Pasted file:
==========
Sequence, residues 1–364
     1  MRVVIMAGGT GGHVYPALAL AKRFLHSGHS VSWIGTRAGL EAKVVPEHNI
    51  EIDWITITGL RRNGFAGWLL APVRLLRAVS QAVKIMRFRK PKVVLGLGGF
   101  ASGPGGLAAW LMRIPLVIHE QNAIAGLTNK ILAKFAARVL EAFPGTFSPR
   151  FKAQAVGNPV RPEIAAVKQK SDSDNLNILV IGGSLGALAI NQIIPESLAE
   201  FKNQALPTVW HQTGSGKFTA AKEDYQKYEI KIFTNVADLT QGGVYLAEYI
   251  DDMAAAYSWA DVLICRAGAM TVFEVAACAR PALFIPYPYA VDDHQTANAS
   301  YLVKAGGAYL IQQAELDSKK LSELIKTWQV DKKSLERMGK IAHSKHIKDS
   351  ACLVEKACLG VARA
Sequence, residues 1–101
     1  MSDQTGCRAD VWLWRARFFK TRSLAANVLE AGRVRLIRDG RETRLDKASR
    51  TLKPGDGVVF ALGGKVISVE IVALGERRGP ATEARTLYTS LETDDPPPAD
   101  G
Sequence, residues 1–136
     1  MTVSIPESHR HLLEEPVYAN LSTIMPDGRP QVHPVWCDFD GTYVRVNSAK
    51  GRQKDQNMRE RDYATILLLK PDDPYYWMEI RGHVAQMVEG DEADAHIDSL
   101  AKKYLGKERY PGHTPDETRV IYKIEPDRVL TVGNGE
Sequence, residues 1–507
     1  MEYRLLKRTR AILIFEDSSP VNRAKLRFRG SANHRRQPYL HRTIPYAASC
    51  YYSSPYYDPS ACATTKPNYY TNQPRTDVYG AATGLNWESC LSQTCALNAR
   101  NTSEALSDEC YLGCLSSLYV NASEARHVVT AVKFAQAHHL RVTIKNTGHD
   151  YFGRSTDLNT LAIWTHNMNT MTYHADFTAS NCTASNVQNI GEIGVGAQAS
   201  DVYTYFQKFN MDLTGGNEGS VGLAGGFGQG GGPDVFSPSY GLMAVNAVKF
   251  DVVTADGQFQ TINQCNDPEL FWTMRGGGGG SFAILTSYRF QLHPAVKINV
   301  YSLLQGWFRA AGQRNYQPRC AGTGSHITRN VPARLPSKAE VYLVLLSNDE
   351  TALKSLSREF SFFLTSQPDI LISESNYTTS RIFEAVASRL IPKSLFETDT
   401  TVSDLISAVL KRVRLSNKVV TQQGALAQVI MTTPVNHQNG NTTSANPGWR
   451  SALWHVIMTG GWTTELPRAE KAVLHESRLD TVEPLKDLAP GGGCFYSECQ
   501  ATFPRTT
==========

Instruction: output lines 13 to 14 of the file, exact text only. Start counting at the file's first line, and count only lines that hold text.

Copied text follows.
   101  G
Sequence, residues 1–136